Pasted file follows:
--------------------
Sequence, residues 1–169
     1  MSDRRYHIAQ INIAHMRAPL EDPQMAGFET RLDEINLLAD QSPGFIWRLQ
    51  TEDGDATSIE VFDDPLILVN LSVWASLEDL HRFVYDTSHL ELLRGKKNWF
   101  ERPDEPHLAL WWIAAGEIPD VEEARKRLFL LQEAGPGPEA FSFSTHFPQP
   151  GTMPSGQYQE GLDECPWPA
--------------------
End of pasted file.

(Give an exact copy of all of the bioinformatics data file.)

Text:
Sequence, residues 1–169
     1  MSDRRYHIAQ INIAHMRAPL EDPQMAGFET RLDEINLLAD QSPGFIWRLQ
    51  TEDGDATSIE VFDDPLILVN LSVWASLEDL HRFVYDTSHL ELLRGKKNWF
   101  ERPDEPHLAL WWIAAGEIPD VEEARKRLFL LQEAGPGPEA FSFSTHFPQP
   151  GTMPSGQYQE GLDECPWPA